Demonstrate, for a particle scattering from a finite-range, spherically symmetric potential V(r), which is weak enough so that the Born approximation for symmetric potentials is valid, that the total cross section, at very low energies, is a linear function of the energy σ(E) = σ0(1+αE), where σ0 is related to the volume integral of the potential... Please see attached for full question.© BrainMass Inc. brainmass.com December 24, 2021, 5:08 pm ad1c9bdddf
SOLUTION This solution is FREE courtesy of BrainMass!
The differential cross section is given by:
dsigma/dOmega = m^2/((2 pi)^2 h-bar^4)|T(k',k)|^2 (1)
k' is the wave vector after scattering, k before.
In the Born approximation T(k',k) is given by:
T(k',k)= Integral[d^3r Exp[i (k-k') dot r] V(r)] (2)
The potential is of short range, so only r within some small region can contribute to the integral. When the energy goes to zero, the k vectors go to zero to, so the term (k-k') dot r in the exponential can be regarded as a small parameter which we are allowed to expand in. It is convenient to put d = k - k'. We will need the magnitude of d, so let's calculate this first.
In elastic collisions |k| = |k'|. It thus follows that:
d^2 = (k - k')^2 = k^2 + k'^2 - 2 k dot k' =
2k^2 - 2 k^2 cos(theta_s) (3)
Here I used the notation vector^2 = inner product of the vector with itself, and theta_s is the scattering angle, which in this case is the angle between k and k'. Using the trigonometric formula:
cos(2 x) = 1-2 sin^2(x)
you find that:
|d| = 2 |k| sin(theta_s/2) (4)
Now let's expand the exponential in (2) to second order:
Exp[i d dot r] = 1 + i d dot r -1/2 (d dot r)^2+... (5)
The term i d dot r vanishes when integrated over r. Using (4) the third term can be written as:
-1/2 (|d||r| cos(theta))^2= -2 k^2 sin^2(theta_s) r^2 cos^2(theta) (6)
Here theta is the angle between r and d.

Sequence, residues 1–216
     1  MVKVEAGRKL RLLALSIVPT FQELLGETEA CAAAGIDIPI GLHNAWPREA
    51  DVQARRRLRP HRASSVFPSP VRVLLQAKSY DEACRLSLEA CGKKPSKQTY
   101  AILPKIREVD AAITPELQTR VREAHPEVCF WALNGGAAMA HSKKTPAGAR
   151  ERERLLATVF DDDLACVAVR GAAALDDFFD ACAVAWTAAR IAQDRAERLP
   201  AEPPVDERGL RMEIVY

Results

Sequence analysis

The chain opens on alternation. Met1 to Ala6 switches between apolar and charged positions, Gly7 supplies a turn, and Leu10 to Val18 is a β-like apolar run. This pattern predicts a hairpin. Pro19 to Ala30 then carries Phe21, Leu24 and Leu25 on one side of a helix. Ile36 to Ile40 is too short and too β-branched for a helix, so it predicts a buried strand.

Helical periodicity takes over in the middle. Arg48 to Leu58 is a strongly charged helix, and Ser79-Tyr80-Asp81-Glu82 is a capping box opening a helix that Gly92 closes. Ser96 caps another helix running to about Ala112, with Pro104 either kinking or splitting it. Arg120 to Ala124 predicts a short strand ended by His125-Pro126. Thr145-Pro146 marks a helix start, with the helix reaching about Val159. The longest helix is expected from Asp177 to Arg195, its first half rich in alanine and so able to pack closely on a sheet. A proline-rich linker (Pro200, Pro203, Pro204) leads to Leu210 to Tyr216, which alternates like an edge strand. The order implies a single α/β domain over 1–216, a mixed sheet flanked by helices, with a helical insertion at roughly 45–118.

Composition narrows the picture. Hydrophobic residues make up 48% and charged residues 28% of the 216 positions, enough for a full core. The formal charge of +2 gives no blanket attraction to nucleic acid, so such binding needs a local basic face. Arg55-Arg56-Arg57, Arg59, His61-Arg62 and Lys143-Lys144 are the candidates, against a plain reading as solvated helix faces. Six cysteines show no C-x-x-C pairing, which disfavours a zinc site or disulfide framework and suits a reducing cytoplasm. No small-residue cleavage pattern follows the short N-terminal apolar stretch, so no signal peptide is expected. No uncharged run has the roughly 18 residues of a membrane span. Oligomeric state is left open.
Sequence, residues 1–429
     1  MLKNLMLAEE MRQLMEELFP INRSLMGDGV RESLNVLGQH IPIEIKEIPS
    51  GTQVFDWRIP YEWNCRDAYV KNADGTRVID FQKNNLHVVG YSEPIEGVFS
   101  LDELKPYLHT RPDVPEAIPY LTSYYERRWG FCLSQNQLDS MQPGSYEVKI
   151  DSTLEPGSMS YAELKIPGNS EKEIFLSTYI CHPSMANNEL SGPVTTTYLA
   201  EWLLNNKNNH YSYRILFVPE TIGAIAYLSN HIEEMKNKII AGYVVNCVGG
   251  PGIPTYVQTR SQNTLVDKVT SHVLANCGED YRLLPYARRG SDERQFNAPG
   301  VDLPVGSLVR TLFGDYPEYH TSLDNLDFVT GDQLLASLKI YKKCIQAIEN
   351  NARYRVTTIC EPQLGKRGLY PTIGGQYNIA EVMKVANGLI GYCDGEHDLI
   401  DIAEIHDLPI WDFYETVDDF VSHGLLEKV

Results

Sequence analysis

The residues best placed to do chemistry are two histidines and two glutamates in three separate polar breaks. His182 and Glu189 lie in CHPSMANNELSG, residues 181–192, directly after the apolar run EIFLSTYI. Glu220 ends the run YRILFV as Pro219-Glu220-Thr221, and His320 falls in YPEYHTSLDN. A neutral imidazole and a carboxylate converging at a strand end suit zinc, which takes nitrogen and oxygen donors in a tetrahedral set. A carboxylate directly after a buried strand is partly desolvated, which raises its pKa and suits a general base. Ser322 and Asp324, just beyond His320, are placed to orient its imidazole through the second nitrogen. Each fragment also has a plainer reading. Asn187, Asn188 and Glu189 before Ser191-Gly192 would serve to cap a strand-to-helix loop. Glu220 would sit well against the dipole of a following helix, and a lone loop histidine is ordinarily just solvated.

Let's now perform the integration in (2) by substituting the expansion (5) in (2) and using (6). The first term is just the integral of V(r). The second term vanishes, and the third term is:
- 2 k^2 sin^2(theta_s)Integral[d^3r r^2 cos^2(theta) V(r)]
Simplify the integral by evaluating the theta integral. In spherical coordinates d^3r = r^2 d|r| dtheta dphi sin(theta). Since V only depends on |r| you can evaluate the theta integral. If you rewrite the result in terms of
I_2 = Integral[4 pi r^4 V(r) d|r|] = Integral[d^3r r^2 V(r)]
T(k',k)= I_0 - 2/3 k^2 Sin^2(theta_s/2)I_2 (7)
According to (1) we need the square of this and then integrate that over the scattering direction. In the square keep only the leading and nest to leading terms (remember that k^2 times I_2 is a small parameter). So:
T^2 = (I_0)^2 - 4/3 I_0 I_2 k^2 Sin^2(theta_s/2) (8)
(I've suppressed the arguments k and k' of T)
The cross section is proportional to the integral of T^2 over all angles and this is:
Integral[dtheta_s dphi sin(theta_s)T^2] =
4 pi (I_0)^2 [1-2/3 k^2 I_2/I_0] (9)
This is the desired low energy expansion because the energy is proportional to k^2. You need to plug in the factor m^2/((2 pi)^2 h-bar^4) from (1) to get the final result.
To find the cross section of an electron in case the range of the potential is rb = 1 Bohr radius and V = 1 eV inside this range you can take I_0 to be 4/3 pi r_b^3 times 1 eV. Then, in the low energy limit (ignoring the second term in (9)) you should find that the cross section is about 2 times 10^(-19) cm^2.© BrainMass Inc. brainmass.com December 24, 2021, 5:08 pm ad1c9bdddf>